Sunday, 8 November 2009

Another day for bargains

Yesterday my wife and I went to visit my father-in-law who lives near the sea in North East Kent. On the way we stopped at the Chatham Maritime Retail Outlet Centre – a rather long name for a large collection of shops that sell ‘ends of ranges’ etc. to the public – for something to eat and some retail therapy.

Since we last went there a small department store has been added, and we naturally gravitated towards it as we walked round. My wife wanted a ‘quick look round’ the seasonal section, and I expected to see nothing but Christmas decorations, wrapping paper, and greetings cards; you can therefore imagine my pleasant surprise when I found that ‘seasonal’ included some toys … which I bought!

Last year Hasbro/MicroMachines brought out a range of ‘Indiana Jones’ vehicles and figures that were part of a commercial tie-in with Lucas Films, and it was some of the models from this range that were on sale. I managed to buy two tanks and a cargo truck that will fit in very nicely with 15mm scale wargames figures.

The tanks are both described as ‘Vogel’s Mark VII tank’ and were featured in THE LAST CRUSADE. The box has the following information about them:

Only a very few of the formidable British Mark VII tanks survived the end of World War I, to be either sold or given to friendly governments in Africa and the Middle east. This one has been retrofitted to add a more modern swivelling turret gun on top, and heavier armour, rather than netting to deflect grenades.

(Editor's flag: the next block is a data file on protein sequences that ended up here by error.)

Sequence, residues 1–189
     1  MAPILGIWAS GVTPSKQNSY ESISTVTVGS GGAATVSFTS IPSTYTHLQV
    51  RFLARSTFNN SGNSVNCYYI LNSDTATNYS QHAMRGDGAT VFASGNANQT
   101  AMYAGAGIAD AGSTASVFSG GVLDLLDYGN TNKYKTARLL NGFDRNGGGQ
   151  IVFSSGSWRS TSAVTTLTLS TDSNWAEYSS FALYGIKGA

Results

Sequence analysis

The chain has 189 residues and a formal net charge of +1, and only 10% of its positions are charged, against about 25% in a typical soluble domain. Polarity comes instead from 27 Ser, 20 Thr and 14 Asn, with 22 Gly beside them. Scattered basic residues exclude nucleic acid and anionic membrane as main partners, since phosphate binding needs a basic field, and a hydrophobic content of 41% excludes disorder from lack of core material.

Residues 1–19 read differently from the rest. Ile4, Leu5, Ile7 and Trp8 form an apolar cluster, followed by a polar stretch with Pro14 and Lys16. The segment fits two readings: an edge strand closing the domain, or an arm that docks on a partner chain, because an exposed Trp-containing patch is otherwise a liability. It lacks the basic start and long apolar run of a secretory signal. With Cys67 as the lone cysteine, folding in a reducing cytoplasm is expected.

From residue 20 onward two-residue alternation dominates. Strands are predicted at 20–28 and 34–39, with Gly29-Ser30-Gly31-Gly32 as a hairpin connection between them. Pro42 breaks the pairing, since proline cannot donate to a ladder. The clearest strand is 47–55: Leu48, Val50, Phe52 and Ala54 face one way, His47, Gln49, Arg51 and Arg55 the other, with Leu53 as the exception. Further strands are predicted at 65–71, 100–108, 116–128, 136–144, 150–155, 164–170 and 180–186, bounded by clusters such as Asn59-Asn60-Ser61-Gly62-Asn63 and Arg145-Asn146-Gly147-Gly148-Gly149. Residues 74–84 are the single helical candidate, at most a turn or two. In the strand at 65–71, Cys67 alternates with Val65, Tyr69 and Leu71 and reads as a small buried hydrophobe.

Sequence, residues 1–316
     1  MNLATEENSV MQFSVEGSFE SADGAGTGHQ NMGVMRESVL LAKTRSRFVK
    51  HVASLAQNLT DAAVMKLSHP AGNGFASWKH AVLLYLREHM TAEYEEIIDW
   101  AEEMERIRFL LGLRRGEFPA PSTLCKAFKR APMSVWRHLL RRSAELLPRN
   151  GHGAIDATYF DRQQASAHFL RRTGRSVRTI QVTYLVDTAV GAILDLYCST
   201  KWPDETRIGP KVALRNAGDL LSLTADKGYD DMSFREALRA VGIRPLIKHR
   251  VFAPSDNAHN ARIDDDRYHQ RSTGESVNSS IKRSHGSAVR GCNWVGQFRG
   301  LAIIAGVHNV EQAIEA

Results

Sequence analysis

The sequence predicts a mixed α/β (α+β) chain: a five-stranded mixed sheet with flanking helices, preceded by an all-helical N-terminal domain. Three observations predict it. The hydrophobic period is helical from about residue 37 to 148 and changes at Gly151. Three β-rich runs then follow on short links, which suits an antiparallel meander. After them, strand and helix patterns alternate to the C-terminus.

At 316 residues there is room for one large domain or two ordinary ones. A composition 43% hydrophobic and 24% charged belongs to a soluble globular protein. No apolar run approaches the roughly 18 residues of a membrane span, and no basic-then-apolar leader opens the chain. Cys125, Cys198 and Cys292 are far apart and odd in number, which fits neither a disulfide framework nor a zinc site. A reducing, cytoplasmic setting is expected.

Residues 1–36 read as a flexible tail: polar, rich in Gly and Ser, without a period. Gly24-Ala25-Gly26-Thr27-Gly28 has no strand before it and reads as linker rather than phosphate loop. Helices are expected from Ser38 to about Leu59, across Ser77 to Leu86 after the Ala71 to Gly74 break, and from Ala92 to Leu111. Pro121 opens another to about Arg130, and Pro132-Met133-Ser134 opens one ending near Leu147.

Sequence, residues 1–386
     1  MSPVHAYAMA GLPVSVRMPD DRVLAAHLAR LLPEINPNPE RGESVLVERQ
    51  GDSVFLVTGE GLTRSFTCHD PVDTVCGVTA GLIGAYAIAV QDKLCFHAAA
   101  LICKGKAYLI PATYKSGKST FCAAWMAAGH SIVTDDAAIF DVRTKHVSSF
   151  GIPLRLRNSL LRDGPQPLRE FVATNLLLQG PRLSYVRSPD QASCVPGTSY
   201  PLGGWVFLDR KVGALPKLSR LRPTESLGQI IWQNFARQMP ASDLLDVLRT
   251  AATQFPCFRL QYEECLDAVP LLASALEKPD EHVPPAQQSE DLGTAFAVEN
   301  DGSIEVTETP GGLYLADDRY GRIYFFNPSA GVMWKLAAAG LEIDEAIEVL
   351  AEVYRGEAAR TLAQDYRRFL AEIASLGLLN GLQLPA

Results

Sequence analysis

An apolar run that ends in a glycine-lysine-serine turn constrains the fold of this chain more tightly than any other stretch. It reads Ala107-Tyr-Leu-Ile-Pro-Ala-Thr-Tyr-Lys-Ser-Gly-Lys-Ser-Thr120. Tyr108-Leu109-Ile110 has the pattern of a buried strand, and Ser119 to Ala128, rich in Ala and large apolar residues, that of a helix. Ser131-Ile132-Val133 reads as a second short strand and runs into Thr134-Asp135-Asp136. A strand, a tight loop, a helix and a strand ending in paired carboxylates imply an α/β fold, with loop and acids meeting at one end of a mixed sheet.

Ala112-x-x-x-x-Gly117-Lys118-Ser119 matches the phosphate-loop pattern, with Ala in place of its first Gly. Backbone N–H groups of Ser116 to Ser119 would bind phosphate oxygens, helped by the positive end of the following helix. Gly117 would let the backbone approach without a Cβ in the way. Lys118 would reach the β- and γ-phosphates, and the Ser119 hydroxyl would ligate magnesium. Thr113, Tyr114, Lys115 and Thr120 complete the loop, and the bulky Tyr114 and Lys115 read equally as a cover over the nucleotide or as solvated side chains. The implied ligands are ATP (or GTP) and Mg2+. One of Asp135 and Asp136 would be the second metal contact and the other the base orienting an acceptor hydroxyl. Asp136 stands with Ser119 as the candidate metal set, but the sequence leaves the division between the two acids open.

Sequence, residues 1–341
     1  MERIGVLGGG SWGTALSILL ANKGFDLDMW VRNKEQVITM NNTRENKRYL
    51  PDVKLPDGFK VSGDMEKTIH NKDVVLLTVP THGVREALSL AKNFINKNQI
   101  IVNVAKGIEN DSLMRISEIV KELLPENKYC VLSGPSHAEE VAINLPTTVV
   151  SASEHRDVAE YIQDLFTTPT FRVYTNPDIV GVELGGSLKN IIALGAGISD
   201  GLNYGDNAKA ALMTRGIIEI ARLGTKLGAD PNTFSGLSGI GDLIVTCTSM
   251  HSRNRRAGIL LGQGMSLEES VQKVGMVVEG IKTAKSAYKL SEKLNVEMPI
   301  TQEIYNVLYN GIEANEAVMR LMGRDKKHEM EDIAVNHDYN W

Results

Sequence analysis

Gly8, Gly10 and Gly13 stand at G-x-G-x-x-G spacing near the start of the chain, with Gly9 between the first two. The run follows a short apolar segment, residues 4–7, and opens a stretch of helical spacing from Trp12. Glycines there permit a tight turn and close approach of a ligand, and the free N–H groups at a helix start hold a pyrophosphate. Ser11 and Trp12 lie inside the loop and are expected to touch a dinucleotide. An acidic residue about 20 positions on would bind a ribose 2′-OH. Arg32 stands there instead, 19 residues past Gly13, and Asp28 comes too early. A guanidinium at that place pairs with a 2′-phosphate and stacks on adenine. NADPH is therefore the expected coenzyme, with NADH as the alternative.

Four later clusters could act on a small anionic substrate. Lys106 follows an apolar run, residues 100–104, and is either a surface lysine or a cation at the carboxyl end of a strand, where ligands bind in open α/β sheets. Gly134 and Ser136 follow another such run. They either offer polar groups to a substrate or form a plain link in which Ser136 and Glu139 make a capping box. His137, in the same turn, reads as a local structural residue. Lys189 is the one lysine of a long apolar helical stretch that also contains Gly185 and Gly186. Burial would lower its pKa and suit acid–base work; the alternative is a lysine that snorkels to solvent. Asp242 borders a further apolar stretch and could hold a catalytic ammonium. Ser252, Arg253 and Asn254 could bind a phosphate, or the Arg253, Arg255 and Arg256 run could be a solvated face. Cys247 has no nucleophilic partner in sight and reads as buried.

What a lot of old tosh!

The Hasbro/Micromodels model of 'Vogel's Mark VII Tank' , as featured in THE LAST CRUSADE.
The model is actually a modified version of the Mark VIII (or Liberty Tank), which was the result of a project by the British and US Governments to produce a standard heavy tank. Unfortunately it only came into production at the end of the war, and never entered full service. The only Allied unit to be fully equipped with the Mark VIII was the US 67th Infantry (Tank) Regiment.

The Mark VIII or Liberty Tank.
Despite this historical inaccuracy, the model is very useful and could easily be used – after the removal of the extraneous turret – in wargames set in the early 1920s (or perhaps even slightly later). Paul Farrow (of MrFarrow2u (+ Jack & Amys!!) DBA 1500 Onwards Page fame) has two painted to represent captured British tanks in service with the German Army on his blog … and might fine they look!

The truck is very typical of the type used by the German Army in the late 1930s and 1940s. It comes with its own model figure of Professor Jones being dragged along behind – as featured in RAIDERS OF THE LOST ARK – but this will be easy to cut off.

The German Cargo Truck, as featured in RAIDERS OF THE LOST ARK. The Indiana Jones figure can be seen being dragged behind the model.
I also visited the branch of ‘Past Times’ where I bought two bags of wooden houses for less than £5.00 each.

Each bag of buildings includes ten small single-storey houses, two slightly larger two-storey houses, a Dutch-style town house, a railway station, a Town Hall/School building, two towers and an arched gateway, eight lengths of wall, and numerous other bits and pieces.
I already own quite a few of these buildings … but you can never have too many! Their basic design is similar to the buildings featured in the photographs of Joseph Morschauser’s wargames, and this was an added incentive to buy them.

On our return home I found that Royal Mail had delivered a book I had ordered via Amazon.

HITLER’S WAR ON RUSSIA by Charles D Winchester (published by Osprey [2007] ISBN 978 1 84603 195 3) is an extensively re-written, new edition of the same author’s OSTFRONT (published by Osprey in 1998), and I am looking forward to reading over the next few weeks.


  1. How fortunate we indeed are, that that nice Mr survived that terrible shipwreck ordeal.


  2. Tone,

    Very true, otherwise the World would have also lost one of London's main exponents of Jimmy Buffett's songs!

    All the best,


  3. Hi Bob,

    Do you know who makes those wooden house sets? Maybe you still have the packaging? I'd like to try to find them here in the States.



  4. Jim,

    I know that they are sold by Amazon UK, Toypost, and Blueberry Forest Toys.